The young men of Smith's division were divided almost evenly between Regular and Reservist, the latter hailing from selected cities across America. For many of these young men, reporting for active duty on short notice had been a painful experience. Captain William B. Hopkins's case was typical. A citizen of Roanoke, Virginia, he was called up on August 8, forced to close his law office after two years of practice.
"I lay awake every night," he recalls, "thinking about how I was going to say good-bye."
On a Sunday morning, under overcast skies, the Roanoke Reservists assembled in front of the armory and marched down Naval Reserve Avenue to the Norfolk & Western station. The few people on the sidewalk, including a few churchgoers in front of St. John's Episcopal, watched in silence as the troops marched by, their boondockers making the characteristic crunching sound on the macadam. At the station, a photographer from the Roanoke Times took a picture of Hopkins shaking hands with his father. The caption would read, "Goodbye and good luck, son."
A large percentage of Reservists were veterans of the Second World War, a war that had ended only five years earlier. Corporal Roy Pearl of Duluth, Minnesota, had seen action on Bougainville, Peleliu, Guam, and Okinawa. Joining the Reserves after the war, he attended weekend drills and summer camp, drawing meager pay to supplement the income he earned servicing cars. Like most of his peers he answered the unexpected summons without complaint, but it was hard. One of his concerns was that his daughters, three years and three months old respectively, had not been baptized. "I was greatly relieved," he recalls, "when our minister agreed to stop by and take care of it in our living room."
The Duluth Reservists marched to the train station early the following morning. Helen Pearl was to meet her husband there with the girls. At first she was unable to find him among the Marines already boarding; but after a frantic search, there he was, smiling bravely. There was just enough time to present him with a keepsake ring inscribed To Roy From Helen and kiss him good-bye.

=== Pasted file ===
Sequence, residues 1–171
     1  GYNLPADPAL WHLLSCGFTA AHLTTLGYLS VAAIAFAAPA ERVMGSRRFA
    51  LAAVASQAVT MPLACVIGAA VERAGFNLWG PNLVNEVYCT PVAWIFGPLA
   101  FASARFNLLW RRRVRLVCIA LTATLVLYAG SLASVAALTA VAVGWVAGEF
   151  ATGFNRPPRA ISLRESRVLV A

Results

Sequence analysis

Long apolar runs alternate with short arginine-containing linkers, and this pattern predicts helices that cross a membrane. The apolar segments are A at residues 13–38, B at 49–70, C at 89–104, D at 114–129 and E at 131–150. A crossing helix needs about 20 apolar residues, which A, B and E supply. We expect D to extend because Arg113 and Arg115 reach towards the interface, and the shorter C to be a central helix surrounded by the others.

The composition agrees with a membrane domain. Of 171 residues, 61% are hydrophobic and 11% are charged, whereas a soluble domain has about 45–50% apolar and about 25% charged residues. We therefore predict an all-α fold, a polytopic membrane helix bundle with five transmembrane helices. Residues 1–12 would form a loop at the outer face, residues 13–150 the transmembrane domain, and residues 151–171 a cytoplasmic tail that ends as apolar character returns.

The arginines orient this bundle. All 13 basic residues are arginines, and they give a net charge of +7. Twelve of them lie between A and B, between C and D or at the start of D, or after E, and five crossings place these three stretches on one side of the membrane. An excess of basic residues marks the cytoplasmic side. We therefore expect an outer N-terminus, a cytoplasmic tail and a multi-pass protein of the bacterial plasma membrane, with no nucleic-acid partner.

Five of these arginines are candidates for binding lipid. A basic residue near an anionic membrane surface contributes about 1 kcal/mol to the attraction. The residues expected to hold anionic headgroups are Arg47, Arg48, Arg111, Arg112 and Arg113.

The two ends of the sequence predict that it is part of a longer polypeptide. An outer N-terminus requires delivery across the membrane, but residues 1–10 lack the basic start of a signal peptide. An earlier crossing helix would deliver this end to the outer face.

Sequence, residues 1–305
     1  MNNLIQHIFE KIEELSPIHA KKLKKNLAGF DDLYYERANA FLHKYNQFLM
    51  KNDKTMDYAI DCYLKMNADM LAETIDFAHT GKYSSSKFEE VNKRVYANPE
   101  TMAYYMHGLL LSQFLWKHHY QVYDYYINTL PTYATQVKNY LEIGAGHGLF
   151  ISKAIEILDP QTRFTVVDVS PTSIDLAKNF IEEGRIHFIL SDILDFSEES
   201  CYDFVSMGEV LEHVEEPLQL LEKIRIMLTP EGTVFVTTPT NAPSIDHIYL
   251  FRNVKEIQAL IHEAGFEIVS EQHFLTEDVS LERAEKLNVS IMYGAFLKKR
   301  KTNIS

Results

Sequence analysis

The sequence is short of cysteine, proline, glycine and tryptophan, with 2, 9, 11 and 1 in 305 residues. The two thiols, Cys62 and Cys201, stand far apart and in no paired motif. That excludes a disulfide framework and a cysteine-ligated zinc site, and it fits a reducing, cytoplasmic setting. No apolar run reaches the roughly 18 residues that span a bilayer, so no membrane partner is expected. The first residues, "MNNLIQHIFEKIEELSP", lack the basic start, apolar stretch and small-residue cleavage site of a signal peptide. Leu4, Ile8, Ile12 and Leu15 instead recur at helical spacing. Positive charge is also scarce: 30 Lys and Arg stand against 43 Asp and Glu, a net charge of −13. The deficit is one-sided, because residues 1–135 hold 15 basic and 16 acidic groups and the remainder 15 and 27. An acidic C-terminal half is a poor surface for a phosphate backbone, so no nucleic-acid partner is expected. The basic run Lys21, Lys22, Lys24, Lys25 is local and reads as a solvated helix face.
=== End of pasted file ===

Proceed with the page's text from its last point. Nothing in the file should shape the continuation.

1st Lt. Chew-Een Lee's memory of leaving home remains vivid in his mind nearly half a century later. "I came from a family of limited means. My father, whose Chinese name was Brilliant Scholar, distributed fruit and vegetables to restaurants and hotels in Sacramento. He stayed home from work that morning, and my mother, whose Chinese name was Gold Jade, made a special meal. There was an awkward moment when the clock on the wall said it was time to depart. My mother was very brave. She said nothing. My father had been reading the Chinese newspaper, or pretending to. He was a tough guy, my father, and I admired his toughness. He rose from his chair and shook my hand abruptly. He tried to talk, but couldn't, and that's when my mother broke down. I was the first-born and now I was going away, probably for good. This departure was very difficult for me ... leaving them behind like that, such hardworking people, struggling for survival."
Leaving one's family was hard enough, but leaving one's native land was painful too. Major Francis Parry, an artillery officer, recalls: "Early on the evening of September 1, 1950, we slipped out of San Diego's magnificent harbor and headed into the setting sun. It was an unforgettable experience. As the Marine band played `Goodnight, Irene'a favorite of the momenthundreds of troops crowding the deck of the Bayfield broke into song. The families and friends swarming on the dock below began to join in. As the ship eased its way past Point Loma into the darkening Pacific, the harbor reverberated with that haunting refrain."
Fred Davidson, an eighteen-year-old infantry private, was at the rail. He recalls the black hills and twinkling lights of the city, and the song. "It was like being a member of a great choir in an enormous cathedral."